This week I took delivery on a new Apache AS1220 sprayer. As the first new machine on my farm since 2004, and the first new equipment deal that I’ve worked out entirely on my own, I’m excited. Actually, this new sprayer is a conservation purchase. It is replacing my 2012 model John Deere 4830. Several benefits that it offers over my previous sprayer translate into better conservation practices.
With a dry weight of 20,300 pounds, compared to the 4830 at 25,300#, it is 5,000# lighter. This means less compaction, less likely to create ditches, less getting stuck, and less power needed, which brings us to engine size.
The Apache uses a 215 horsepower Cummins Turbo diesel engine compared to the John Deere 4830’s 275 hp engine. At 28% of the JD’s size, one might think I got a much smaller sprayer, but it has the same width (100 foot) boom, so I will continue to drive in the exact same field tracks as in the past, and it actually has a 20% larger chemical tank capacity at 1200 gallons. Plus, the John Deere tops out at a road speed of 30 mph empty, whereas the Apache runs >35 mph.
One of the problems bogging down the John Deere sprayers is the hydrostatic drive system. It converts engine torque to hydraulic pressure which is pumped through hoses down to hydraulic wheel motors where it must be converted back into mechanical torque. There is some efficiency lost in this double conversion. Granted, John Deere had a reason to design the system this way: to gain height for driving through a tall crop. It has a clearance of 60 inches without axles. But since I don’t need to drive over tall crops, the Apache’s 50 inch clearance is plenty, and I get the added bonus of safety since it is not so top-heavy.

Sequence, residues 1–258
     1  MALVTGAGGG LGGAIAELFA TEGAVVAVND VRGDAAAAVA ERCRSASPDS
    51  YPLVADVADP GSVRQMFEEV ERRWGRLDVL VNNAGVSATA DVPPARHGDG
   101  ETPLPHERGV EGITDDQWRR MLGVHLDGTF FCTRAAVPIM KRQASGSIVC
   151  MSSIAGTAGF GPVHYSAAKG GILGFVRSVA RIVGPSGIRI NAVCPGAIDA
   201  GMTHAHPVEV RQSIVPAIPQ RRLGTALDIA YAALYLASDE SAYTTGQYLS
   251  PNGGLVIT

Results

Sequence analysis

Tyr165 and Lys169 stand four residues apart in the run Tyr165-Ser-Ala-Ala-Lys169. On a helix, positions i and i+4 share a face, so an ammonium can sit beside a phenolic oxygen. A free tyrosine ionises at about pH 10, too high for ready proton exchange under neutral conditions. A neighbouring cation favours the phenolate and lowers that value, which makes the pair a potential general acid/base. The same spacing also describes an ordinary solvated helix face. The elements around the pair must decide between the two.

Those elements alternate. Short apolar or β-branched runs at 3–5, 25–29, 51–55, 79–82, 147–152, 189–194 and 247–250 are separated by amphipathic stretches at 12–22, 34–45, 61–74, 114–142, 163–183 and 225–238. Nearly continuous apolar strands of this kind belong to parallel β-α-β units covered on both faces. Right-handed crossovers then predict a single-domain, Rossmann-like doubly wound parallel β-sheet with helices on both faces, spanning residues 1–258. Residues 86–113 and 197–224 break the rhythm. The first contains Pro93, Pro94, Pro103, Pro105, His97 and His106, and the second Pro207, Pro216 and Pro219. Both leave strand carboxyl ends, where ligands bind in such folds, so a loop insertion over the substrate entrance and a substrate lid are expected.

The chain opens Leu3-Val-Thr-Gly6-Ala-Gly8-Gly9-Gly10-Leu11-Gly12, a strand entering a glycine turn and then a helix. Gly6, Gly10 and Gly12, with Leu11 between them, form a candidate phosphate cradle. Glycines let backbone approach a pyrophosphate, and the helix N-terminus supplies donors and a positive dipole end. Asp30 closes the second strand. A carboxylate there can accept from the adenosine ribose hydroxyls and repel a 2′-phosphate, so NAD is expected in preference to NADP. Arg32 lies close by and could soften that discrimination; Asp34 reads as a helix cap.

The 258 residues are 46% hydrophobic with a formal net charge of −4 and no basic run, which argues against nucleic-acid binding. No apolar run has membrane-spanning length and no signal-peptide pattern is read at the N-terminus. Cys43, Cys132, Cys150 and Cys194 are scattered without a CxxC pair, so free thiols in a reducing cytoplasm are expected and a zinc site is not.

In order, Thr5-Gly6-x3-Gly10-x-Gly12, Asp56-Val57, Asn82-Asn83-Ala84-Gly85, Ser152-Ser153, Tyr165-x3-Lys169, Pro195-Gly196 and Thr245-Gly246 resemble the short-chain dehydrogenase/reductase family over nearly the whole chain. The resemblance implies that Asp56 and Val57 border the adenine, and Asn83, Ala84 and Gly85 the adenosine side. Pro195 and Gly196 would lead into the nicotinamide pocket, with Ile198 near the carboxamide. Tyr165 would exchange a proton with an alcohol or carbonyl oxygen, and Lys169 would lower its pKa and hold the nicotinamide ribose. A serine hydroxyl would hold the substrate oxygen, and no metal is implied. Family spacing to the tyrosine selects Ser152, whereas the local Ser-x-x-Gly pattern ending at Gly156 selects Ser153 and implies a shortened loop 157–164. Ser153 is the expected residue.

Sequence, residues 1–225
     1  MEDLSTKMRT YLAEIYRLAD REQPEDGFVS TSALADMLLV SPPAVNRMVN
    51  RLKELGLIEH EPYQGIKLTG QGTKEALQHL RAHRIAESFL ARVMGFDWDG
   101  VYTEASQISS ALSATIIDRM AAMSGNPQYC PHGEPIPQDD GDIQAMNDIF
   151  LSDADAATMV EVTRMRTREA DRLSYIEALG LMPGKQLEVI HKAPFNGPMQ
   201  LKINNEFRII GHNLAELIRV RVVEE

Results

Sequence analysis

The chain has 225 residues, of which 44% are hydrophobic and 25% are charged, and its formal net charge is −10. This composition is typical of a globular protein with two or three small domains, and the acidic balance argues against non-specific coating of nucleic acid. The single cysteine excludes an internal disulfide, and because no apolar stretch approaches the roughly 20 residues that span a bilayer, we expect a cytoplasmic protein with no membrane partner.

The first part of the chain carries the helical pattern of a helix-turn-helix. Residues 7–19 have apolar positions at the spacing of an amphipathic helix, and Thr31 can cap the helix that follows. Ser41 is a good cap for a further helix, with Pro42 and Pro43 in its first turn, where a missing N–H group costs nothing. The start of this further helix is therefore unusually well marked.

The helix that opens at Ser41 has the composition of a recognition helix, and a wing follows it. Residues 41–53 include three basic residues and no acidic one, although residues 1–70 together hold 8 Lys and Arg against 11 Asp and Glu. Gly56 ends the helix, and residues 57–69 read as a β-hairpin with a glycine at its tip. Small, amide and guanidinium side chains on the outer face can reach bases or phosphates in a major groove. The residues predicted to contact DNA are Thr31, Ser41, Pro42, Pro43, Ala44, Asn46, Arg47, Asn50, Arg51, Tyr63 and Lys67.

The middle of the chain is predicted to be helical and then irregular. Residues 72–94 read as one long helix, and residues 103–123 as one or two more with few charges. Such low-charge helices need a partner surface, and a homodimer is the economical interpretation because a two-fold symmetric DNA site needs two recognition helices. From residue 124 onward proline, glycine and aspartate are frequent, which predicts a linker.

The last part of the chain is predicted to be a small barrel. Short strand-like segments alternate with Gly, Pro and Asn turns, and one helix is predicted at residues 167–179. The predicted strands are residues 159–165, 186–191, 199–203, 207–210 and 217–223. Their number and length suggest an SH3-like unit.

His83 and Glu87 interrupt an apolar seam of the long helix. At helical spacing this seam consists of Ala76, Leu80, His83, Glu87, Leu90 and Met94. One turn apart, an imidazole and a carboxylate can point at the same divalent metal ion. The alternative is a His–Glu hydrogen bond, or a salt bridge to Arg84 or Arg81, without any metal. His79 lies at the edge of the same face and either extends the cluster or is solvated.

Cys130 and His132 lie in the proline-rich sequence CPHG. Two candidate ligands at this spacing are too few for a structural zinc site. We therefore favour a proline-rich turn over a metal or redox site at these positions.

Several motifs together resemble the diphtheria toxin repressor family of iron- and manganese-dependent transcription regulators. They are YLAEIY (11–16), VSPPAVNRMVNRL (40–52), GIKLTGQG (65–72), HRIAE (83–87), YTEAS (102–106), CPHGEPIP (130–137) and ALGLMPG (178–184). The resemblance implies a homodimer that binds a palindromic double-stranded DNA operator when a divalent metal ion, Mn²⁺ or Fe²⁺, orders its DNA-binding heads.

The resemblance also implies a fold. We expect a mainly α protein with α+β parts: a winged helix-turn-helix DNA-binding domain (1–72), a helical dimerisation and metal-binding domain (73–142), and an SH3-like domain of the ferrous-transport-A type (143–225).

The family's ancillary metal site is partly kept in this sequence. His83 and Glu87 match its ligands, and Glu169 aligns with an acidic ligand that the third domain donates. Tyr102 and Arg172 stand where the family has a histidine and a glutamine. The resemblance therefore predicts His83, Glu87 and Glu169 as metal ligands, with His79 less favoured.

Some of the John Deere’s extra power may also be dedicated to it being in 4×4 all the time, whereas the Apache is only 2×4 (but it has a differential lock). Its too bad that didn’t translate into the John Deere being less likely to get stuck in the mud. I never got my previous GVM brand sprayer stuck until I got the John Deere. Not unlike other 4830 owners, we had it stuck several times in places that surprised us.
Another feature of the new Apache sprayer is 9 boom sections. That means there are 9 switches which can be operated automatically or manually to cut off the chemical and/or fertilizer being sprayed across the spray boom in sections as I come to a headland. This reduces overlap crop damage and wasted chemicals by an extra 21% over the John Deere. The feature is called AccuBoom, and is 89% more efficient than controlling spray by a single on/off function on headlands.
After all those conservation benefits are considered, the Apache sprayer is easier to work on, has greater visibility of front tires to help driving between the rows, and cost $100,000 less than a new John Deere the same size!